The idea of the rider and the elephant is not that we’re powerless, but that our logic — to be followed — needs to appeal to our base instincts. The rider can try to convince the elephant where to go, but if the elephant is not in agreement, it will go where it wants. In a battle of head versus heart, the heart has an easier task.

And to take it a step further, when we try and persuade someone else to change their mind, we won’t get far trying to persuade their rider. We actually need to appeal to their elephant, to their intutitve sense of how they see the world.

This is why issues like climate change are so impossible. Those who believe we need urgent action on climate change cite studies as the basis of their beliefs, yet the notion that we should consume less, lower our environmental impact and adopt redistributive policies on an international scale is something that intutively appeals to most of their elephants. They would want these actions whether the conclusions of science demanded them or not. So is the science a motivating factor or an after-the-fact justification? (For those of you who think it doesn’t matter, it does if you’re trying to persuade others.)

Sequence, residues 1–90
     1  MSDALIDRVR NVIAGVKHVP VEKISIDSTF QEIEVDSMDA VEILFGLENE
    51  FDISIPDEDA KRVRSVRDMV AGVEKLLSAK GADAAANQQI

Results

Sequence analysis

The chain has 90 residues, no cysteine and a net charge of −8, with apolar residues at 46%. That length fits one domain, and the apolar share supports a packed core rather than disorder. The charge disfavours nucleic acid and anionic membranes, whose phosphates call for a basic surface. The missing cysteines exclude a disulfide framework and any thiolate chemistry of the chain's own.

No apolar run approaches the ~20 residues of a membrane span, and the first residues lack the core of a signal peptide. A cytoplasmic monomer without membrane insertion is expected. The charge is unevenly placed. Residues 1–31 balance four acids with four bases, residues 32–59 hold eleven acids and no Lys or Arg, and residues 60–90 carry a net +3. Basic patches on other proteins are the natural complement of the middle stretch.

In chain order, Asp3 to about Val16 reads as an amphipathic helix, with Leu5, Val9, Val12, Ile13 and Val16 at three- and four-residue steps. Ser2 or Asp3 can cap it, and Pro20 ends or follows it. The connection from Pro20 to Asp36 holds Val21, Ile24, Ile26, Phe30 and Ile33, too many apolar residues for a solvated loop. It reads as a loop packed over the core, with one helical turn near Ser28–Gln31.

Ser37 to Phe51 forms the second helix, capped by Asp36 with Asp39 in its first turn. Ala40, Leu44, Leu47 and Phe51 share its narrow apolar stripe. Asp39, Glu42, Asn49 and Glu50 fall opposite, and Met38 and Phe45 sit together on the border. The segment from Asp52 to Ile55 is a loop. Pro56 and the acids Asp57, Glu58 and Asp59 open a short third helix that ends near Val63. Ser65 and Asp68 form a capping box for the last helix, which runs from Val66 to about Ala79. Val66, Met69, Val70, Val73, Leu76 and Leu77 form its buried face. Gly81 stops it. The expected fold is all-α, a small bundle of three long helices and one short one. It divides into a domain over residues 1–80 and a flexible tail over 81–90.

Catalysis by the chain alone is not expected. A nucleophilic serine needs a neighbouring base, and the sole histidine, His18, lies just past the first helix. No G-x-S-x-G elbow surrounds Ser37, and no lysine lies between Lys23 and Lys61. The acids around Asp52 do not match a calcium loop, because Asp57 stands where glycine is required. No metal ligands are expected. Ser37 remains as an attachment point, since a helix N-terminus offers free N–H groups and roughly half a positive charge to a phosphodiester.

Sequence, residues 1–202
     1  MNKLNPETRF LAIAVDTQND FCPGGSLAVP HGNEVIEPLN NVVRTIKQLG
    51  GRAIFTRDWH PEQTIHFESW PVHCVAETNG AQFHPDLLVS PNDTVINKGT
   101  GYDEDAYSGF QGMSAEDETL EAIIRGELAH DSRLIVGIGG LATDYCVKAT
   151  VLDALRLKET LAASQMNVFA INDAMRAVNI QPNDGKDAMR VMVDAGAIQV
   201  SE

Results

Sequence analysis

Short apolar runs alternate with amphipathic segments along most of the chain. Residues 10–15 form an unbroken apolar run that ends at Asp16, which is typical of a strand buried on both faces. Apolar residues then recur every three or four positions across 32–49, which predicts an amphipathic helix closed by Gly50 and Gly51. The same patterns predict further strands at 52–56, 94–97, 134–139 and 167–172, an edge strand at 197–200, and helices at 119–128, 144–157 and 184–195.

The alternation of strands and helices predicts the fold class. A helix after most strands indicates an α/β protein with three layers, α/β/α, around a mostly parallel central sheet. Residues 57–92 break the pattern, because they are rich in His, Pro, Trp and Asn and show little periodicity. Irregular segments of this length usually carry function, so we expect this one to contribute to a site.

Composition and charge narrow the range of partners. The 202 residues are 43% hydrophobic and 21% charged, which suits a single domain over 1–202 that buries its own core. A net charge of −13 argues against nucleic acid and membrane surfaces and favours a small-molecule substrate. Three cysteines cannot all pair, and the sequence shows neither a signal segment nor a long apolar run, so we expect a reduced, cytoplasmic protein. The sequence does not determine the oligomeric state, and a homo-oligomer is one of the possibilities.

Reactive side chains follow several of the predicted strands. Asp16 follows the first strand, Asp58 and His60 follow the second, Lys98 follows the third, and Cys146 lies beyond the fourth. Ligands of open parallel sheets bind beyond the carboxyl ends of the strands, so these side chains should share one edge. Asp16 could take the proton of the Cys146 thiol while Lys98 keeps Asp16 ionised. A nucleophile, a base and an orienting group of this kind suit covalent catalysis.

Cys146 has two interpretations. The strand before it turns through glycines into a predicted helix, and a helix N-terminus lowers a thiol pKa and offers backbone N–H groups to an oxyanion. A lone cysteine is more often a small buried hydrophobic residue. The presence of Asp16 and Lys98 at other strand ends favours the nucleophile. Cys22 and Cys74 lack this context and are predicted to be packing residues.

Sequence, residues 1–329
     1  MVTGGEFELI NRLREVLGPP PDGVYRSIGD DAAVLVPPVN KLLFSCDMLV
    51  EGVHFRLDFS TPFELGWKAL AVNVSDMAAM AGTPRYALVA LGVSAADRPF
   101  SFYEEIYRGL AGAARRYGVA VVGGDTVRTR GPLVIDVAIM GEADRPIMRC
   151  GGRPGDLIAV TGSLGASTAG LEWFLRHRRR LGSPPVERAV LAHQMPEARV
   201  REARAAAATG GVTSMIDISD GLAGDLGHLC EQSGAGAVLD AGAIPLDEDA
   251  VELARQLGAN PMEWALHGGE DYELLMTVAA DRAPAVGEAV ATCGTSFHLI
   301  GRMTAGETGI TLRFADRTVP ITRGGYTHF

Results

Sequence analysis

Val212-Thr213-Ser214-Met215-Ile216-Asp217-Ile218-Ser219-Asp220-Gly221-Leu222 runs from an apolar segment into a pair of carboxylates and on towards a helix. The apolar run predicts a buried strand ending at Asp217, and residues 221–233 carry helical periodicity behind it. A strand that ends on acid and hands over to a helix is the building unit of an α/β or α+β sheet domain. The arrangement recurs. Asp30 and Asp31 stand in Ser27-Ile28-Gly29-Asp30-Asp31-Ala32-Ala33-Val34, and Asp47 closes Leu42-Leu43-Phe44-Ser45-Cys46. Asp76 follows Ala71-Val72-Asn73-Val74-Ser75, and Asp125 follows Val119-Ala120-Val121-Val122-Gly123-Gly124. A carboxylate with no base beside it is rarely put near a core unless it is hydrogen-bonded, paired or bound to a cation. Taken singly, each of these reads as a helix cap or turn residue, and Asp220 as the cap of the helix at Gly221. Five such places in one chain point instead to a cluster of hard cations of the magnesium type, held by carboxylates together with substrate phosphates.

For those who are skeptcial of climate science, the same dynamics apply. There are no number of scientific studies — no number of PhD’s or Nobel prize winners — that will convince someone whose has an ingrained skepticism of government action, a belief in our modern capitalist systems and a natural inclination to resist change. This elephant is so maddening to some that even President Obama, a decent man not given to gratuitous cheap shots, would taunt skeptics as part of the “flat earth society.” This label surely convinced more people that a flat earth was a possibility than ever persuaded skeptics to embrace climate science. That is the nature of the elephant/rider relationship.

Instead of throwing studies and statistics at each other in a battle of the riders, we actually need to speak to each other’s elephants. Or, more precisely, we need to listen and try to understand the other’s elephant. Only then can we find real common ground that we can build upon. Only then can we change minds.